HOUSTON (ICIS)--Supply chain disruptions that have persisted throughout the pandemic and were intensified by Winter Storm Uri are likely to take longer than anticipated to clear up, the Federal Reserve said on Wednesday.
The central bank made its comments in the Beige Book, a summary of US economic activity during the past six weeks among its 12 districts.
The latest Beige Book is based on information collected on or before 2 July.
The comments about supply chains came from respondents in the Dallas District, which includes all of Texas and northern Louisiana. The region contains much of the nation's petrochemical and refining capacity.
Petrochemical production has mostly recovered from the outages associated with Uri, the Fed said, but some production continues to be weighed by a combination of maintenance and outages.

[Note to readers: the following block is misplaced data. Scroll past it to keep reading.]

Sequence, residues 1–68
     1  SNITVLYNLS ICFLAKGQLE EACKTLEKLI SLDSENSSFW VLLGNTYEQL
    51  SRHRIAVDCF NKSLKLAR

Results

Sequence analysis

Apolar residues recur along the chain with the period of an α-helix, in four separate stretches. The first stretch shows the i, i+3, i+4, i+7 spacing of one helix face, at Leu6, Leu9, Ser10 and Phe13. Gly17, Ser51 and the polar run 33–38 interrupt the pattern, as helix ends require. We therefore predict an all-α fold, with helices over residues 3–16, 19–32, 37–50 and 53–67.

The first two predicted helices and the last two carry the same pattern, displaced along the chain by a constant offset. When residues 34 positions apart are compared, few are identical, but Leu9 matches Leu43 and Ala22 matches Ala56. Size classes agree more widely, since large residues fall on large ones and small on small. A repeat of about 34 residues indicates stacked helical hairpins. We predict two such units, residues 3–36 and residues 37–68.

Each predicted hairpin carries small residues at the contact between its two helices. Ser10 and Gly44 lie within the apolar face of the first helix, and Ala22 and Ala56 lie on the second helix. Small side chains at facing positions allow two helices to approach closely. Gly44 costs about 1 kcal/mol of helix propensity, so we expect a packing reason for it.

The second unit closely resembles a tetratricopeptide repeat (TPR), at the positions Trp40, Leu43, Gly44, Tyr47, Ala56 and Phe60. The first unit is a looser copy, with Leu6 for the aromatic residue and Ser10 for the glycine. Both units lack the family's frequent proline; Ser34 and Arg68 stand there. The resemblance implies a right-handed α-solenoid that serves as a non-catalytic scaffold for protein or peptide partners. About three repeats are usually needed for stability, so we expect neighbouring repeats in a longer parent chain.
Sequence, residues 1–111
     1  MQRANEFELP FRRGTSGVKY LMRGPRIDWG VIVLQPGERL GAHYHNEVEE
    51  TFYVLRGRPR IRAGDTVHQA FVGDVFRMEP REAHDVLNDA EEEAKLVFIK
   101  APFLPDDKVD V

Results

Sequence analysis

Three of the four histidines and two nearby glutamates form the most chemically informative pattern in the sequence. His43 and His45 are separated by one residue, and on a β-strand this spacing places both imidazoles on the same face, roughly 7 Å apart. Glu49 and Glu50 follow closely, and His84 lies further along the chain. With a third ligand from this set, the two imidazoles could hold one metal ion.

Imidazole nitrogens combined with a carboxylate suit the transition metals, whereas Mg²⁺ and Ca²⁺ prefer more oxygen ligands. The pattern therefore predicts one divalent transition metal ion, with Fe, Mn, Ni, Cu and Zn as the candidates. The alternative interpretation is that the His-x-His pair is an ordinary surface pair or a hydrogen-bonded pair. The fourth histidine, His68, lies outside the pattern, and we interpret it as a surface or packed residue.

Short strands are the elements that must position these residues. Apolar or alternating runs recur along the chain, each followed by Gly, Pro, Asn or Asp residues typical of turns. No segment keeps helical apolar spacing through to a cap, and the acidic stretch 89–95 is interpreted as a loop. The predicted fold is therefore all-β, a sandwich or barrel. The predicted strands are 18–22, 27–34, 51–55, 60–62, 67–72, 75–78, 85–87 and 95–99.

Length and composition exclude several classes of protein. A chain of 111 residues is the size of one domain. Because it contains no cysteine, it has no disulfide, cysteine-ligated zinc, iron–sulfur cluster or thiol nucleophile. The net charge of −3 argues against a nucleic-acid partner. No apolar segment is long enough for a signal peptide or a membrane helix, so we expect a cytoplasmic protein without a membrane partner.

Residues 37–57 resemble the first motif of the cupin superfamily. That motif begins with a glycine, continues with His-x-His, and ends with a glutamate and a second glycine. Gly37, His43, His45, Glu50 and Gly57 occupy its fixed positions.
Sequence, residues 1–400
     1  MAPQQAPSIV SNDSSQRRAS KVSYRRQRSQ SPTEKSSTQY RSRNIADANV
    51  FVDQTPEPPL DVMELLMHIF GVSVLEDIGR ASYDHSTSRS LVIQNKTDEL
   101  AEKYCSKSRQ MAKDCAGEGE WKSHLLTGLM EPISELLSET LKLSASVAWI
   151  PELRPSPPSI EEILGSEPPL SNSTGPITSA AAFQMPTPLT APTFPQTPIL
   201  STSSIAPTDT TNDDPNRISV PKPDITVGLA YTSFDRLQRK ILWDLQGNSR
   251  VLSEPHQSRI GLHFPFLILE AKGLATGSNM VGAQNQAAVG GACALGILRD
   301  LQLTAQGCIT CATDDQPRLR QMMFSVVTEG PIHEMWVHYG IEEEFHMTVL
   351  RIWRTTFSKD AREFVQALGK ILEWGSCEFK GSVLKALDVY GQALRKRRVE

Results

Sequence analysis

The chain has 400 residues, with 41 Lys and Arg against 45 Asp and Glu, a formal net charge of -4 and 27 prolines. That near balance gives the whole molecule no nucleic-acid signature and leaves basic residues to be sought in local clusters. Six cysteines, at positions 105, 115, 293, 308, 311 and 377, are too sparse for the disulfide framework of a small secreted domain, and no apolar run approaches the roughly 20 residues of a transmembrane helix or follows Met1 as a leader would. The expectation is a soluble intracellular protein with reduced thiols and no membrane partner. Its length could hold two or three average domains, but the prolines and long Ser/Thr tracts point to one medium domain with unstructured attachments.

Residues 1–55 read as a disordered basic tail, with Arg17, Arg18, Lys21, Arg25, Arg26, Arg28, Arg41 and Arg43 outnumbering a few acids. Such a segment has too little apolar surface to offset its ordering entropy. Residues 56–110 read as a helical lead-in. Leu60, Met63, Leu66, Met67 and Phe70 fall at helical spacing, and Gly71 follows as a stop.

Refiners cited strong seasonal demand but noted that margins were still weak.
For energy, oilfield services firms told the Fed that drilling and well completion activity expanded moderately, but labor issues kept them from expanding further.
Exploration and production firms expect the market to support a WTI crude price near $70/bbl in the second half of the year.
At that price, capital spending plans would likely be little changed among large US producers, the Fed said.
Overall, respondents said the US economy has strengthened from the previous report, showing modest to robust growth.
Inflation remains a concern as prices increased at an above-average pace, with seven districts reporting strong price growth and the rest seeing moderate gains.
While some contacts felt that pricing pressures were transitory, the majority expected further increases in input costs and selling prices in the coming months.
Thumbnail image shows interior of a warehouse/Shutterstock